How best interest duty will reshape industry roles

by Madison Utley25 Sep 2019

While the introduction of the best interest duty will not require the industry to “change its DNA,” it could trigger a series of events which work together to reshape the role of both broker and aggregator.

“Unfortunately, with best interest duty, professional indemnity costs will be increased. So to maintain the same remuneration, brokers will need to see more customers,” said Sam White, executive chairman of Loan Market Group.

“Throughout all industries, the reality is that everyone needs to become more productive. The only way to do that is to get more leverage out of your tech to save time.

“Technology, systems and platforms will become incredibly important to running any broker business.”

The increased workload and more rigorous environment will further the new trend already being evidenced in its earliest stages, according to White: brokers choosing to team up with others rather than work independently.

“My view is that in the coming years, we will see fewer brokers, but bigger broker businesses,” he said.  

“Being a broker can be lonely, so I think brokers will be looking to join other brokers rather than start their own business. The importance of broker communities has never been more important. We all need spaces to share ideas with like-minded individuals.”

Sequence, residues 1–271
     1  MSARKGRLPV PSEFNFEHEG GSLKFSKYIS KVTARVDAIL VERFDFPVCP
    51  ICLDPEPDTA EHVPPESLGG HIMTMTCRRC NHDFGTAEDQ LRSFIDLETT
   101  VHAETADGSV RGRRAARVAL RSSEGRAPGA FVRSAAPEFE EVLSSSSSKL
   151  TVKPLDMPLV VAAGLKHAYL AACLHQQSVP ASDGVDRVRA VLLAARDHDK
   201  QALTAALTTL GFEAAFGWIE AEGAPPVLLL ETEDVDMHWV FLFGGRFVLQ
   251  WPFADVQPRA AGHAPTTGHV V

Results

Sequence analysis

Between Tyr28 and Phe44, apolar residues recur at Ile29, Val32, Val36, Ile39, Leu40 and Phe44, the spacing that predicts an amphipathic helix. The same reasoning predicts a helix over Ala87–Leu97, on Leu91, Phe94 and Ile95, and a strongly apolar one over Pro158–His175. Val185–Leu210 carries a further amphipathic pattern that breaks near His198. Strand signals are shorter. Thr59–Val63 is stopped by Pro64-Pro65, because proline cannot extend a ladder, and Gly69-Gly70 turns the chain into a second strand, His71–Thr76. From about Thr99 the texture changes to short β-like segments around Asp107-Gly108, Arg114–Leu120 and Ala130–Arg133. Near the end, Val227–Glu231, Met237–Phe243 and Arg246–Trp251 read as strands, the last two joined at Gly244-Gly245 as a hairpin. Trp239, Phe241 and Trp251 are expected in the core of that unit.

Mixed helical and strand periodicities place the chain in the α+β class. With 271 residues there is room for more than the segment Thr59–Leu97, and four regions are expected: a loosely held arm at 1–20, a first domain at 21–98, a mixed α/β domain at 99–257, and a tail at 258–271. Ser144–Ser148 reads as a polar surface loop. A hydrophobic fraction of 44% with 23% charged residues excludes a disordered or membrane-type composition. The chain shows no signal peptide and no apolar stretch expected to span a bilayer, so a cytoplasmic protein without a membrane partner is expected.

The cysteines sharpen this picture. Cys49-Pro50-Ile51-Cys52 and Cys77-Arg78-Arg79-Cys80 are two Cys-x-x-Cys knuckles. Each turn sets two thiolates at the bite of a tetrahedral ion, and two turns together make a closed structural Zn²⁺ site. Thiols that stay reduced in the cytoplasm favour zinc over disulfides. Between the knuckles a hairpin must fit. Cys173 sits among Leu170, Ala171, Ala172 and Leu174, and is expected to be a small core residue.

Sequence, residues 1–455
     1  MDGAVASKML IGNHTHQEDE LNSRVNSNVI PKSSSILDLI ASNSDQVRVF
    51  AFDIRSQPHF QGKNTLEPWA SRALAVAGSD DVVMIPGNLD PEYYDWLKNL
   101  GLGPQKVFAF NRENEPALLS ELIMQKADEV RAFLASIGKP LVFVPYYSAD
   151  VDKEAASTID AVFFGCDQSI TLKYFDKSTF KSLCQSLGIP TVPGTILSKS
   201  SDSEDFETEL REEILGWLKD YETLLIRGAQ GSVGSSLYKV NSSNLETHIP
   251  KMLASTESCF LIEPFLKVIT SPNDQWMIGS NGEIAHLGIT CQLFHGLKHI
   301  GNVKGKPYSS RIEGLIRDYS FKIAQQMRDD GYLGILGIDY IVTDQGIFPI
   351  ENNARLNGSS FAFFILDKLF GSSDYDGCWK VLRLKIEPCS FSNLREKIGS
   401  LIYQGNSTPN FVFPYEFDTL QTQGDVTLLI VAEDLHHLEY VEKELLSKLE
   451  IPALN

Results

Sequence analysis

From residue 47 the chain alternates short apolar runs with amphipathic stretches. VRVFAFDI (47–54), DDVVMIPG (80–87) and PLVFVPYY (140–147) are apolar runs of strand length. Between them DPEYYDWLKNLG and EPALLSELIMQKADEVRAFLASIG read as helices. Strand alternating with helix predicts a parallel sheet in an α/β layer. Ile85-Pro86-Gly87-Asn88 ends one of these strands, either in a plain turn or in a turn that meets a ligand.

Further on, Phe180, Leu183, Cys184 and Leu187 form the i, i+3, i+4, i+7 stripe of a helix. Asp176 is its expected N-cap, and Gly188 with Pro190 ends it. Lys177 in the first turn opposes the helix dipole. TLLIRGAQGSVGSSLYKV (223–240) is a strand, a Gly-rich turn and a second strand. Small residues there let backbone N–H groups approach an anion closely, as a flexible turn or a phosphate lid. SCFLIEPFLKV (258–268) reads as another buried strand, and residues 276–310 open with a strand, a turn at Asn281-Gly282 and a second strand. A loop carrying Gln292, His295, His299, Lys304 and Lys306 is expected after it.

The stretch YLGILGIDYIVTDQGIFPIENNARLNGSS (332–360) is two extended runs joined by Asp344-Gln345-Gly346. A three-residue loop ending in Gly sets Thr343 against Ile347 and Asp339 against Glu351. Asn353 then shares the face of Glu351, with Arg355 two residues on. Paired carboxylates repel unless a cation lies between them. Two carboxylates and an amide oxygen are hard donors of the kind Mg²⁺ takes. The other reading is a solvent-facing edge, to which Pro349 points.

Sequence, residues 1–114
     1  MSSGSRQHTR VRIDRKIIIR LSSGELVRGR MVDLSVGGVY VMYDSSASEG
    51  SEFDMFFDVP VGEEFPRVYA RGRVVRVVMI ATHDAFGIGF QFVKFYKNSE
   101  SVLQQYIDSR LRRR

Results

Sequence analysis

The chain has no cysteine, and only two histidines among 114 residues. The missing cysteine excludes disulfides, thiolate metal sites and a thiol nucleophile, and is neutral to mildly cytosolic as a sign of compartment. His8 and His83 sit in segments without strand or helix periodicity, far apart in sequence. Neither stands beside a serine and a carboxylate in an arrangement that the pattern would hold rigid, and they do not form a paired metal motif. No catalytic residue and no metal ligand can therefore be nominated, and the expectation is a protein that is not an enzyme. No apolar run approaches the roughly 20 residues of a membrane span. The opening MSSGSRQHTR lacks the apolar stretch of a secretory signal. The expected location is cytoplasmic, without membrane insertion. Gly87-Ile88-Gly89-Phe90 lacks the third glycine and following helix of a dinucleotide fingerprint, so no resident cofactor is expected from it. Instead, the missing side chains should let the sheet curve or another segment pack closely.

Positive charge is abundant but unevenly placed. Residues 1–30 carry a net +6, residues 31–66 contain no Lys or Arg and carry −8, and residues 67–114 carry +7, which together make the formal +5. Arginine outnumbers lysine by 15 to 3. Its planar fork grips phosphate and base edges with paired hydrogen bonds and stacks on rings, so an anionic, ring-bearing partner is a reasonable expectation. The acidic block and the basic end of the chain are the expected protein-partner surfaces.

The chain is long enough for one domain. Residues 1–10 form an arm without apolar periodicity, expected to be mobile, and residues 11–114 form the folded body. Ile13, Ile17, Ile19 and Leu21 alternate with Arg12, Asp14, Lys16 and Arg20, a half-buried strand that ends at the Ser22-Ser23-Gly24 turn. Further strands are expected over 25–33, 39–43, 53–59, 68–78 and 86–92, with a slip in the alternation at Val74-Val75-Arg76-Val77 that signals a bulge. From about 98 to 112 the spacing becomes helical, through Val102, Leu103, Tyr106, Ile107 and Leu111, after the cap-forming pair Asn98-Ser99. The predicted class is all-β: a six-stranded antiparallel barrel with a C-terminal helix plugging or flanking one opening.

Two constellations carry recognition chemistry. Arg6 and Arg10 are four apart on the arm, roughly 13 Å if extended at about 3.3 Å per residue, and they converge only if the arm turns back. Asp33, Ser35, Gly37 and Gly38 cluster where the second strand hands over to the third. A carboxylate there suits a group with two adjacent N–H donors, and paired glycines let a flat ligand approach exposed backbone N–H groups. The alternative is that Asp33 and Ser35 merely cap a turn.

Consequently, as broker behaviour adapts to the new industry landscape, White believes the role of the aggregator will need to adjust as well.

“The role of the aggregator is changing, we recognise that,” he said.

“In the new environment, brokers will be looking to join businesses with training, mentorship, a physical premise.

“That’s why we’re committed to our four Loan Market promises: to save our brokers time, keep them safe, help find and keep clients and grow bigger businesses.”

Fortunately, the increased pressure placed on brokers by the best interest duty will be counterbalanced by the growth in market share White expects to naturally arise from the legislation. To him, it seems inevitable customers will increasingly turn to brokers who are legally obligated to work in their best interest over bankers prioritising what’s best for their own institution.

“The question will not be ‘Should I use a broker?’ but rather ‘Which broker?’” he said.

“I have no doubt that the brokers who can demonstrate their value will enjoy a bright future.”